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Ideally, you’d want all of your employees to have a clear understanding of their responsibilities, the resources they need to accomplish tasks, and the drive and motivation to perform to expectations. But every manager knows this isn’t always the case — and you must be able to deal with workplace performance issues.

Poor performance typically falls under one of three basic types:

  • Unsatisfactory work, in terms of quality, quantity, or other measurements of performance expectations
  • Breaches of work procedures, practices, and rules, such as excessive absences, workplace theft, health and safety violations, or harassment of other employees
  • Underperformance related to employees’ personal problems

The causes of poor workplace performance

There are a number of reasons performance issues can happen. While some problems are related to individual employees’ attitudes or levels of motivation, many are due to a lack of skills, knowledge, or resources, or a poor workplace environment.

For managers, it’s important to distinguish between problems that are caused by workplace environment factors, and those that result from employee-specific issues. Addressing performance problems caused by the work environment often requires a review of workplace conditions, changes in policies, and an investment in resources that can help employees improve their performance. For performance problems tied to employee issues, manager may need to take individual, remedial actions.

Common performance issues caused by the workplace

Some of the most frequently occurring performance problems that stem from issues with the workplace include:

  • Work environment: Poor working conditions, inadequate resources and/or equipment, or health and safety issues will affect general employee performance.
  • Work organization: Management or supervision issues, mistakes that are not corrected, and workflow issues like shortcuts, bottlenecks, and procedure breaches can slow performance in affected areas.
  • Employment conditions: Employees who are struggling with insufficient salaries, excessive workloads or overtime, or work/life balance issues will typically perform poorly.
  • Communication issues: Unclear job roles, conflicts over who does what, and issues with the division of responsibilities can create resentful employees who are not productive.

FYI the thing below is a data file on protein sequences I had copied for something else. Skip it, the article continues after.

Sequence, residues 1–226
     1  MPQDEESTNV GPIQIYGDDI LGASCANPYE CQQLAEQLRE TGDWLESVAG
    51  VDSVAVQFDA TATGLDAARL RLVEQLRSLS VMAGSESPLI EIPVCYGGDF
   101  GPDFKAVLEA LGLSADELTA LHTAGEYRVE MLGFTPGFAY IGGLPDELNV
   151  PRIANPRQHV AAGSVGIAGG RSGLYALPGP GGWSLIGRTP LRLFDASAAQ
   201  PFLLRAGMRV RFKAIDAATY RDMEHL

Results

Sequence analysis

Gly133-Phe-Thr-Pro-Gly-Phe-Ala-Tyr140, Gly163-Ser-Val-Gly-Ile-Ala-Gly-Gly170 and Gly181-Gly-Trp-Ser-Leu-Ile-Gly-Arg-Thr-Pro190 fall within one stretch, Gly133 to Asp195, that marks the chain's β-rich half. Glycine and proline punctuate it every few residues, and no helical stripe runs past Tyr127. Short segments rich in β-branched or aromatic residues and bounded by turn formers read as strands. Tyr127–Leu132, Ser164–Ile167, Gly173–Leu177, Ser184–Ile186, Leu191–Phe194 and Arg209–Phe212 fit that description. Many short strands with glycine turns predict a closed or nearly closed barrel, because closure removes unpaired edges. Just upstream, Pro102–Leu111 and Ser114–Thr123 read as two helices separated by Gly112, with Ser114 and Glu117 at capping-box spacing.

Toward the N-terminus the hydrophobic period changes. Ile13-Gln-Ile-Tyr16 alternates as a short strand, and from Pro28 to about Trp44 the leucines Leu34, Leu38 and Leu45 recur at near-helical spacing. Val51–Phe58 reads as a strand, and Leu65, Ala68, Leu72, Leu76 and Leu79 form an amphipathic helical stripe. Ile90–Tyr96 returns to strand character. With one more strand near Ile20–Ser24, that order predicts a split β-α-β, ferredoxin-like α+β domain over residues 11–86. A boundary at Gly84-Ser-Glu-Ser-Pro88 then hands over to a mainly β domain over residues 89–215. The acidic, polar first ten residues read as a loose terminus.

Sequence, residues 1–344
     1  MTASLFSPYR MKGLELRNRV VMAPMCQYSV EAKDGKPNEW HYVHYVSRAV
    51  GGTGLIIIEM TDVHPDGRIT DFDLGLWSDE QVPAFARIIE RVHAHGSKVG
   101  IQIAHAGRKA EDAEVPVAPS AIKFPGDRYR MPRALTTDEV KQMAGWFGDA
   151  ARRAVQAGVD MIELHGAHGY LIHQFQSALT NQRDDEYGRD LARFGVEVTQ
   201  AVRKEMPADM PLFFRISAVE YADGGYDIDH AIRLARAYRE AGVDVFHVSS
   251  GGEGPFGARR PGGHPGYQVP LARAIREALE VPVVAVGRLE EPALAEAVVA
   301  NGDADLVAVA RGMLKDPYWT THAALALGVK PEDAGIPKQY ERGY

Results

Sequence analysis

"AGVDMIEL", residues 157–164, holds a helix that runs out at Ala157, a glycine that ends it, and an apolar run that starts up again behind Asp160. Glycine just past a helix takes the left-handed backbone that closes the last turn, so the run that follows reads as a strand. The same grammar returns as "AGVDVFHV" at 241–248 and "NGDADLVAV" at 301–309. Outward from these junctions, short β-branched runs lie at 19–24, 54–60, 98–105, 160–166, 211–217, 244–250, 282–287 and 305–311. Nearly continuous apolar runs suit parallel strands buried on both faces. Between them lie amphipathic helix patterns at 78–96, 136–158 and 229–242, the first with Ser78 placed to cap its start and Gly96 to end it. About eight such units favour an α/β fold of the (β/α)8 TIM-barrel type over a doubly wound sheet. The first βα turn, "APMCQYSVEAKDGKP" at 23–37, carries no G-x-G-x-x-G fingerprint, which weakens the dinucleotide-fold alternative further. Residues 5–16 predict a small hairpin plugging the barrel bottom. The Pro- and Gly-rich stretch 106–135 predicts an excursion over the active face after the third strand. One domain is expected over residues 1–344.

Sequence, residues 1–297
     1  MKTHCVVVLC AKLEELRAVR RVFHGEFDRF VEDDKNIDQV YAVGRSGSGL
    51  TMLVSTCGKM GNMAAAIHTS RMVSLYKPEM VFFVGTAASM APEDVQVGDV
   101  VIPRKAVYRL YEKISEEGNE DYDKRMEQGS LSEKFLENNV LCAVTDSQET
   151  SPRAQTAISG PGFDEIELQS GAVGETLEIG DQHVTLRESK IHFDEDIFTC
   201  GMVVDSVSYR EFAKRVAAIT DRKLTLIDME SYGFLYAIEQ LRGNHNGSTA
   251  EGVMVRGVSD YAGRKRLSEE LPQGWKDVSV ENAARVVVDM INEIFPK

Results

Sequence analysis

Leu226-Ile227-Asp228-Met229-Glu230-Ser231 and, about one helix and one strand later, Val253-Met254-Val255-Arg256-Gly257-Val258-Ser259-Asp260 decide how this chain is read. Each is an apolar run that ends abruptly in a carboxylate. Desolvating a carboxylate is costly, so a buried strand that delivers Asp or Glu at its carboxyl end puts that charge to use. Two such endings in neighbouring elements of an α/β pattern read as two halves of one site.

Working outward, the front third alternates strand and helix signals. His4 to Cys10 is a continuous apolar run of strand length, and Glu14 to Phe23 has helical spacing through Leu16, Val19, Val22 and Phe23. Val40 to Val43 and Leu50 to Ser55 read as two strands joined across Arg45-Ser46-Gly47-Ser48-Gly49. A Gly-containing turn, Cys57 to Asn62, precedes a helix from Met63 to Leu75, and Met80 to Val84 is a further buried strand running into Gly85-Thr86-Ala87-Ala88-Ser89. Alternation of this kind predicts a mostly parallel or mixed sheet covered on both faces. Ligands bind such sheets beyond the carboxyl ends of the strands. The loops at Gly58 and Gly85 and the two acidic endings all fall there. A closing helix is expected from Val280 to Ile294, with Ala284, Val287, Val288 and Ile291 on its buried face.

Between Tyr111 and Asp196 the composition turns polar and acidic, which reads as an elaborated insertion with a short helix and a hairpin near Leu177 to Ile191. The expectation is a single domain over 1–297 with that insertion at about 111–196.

Common performance issues caused by employees

In some cases, performance problems can stem from the actions, attitudes, or situations of individual employees. A few of the most common include:

  • Recruitment and selection: Employees who are mismatched to their jobs, overqualified employees, or HR “overselling” a position to candidates can result in expectations not being met, leading the employee to boredom or frustration and poor productivity.
  • Employee stress: Issues in the workplace or personal problems that cause stress can lead to the deterioration of an employee’s performance, as well as behavioral problems.
  • Team issues: Workplace harassment, personality conflicts, poor team management, conflicting cultural values, and unhealthy competition can lead to employees disengaging from the team and performing poorly on the job.
  • Promotions: If an employee is promoted too soon, beyond their abilities, or into an unwanted or unsuitable role, it will impact not only their performance, but the performance of the employees they are responsible for leading.

Tips for identifying workplace performance problems

In order to determine the cause of performance issues, there are several steps you can take. The first step should be to have parameters in place for measuring employee performance — whether they’re general goals or specific targets. When employees fail to meet goals or targets, you’ll need to identify the reasons for poor performance.

Once you know performance is being affected, seek input from your team leaders and supervisors about the problem. They’ll often have insight or suggestions that can help you further pinpoint the cause. You should also solicit feedback directly from employees, for both individual and widespread performance issues.

Remember that when you’re discussing poor performance with employees, the best approach is to talk about the performance itself, rather than the person. Making a workplace performance problem personal can lead to resentment — and instead of improving performance, you may end up losing employees.

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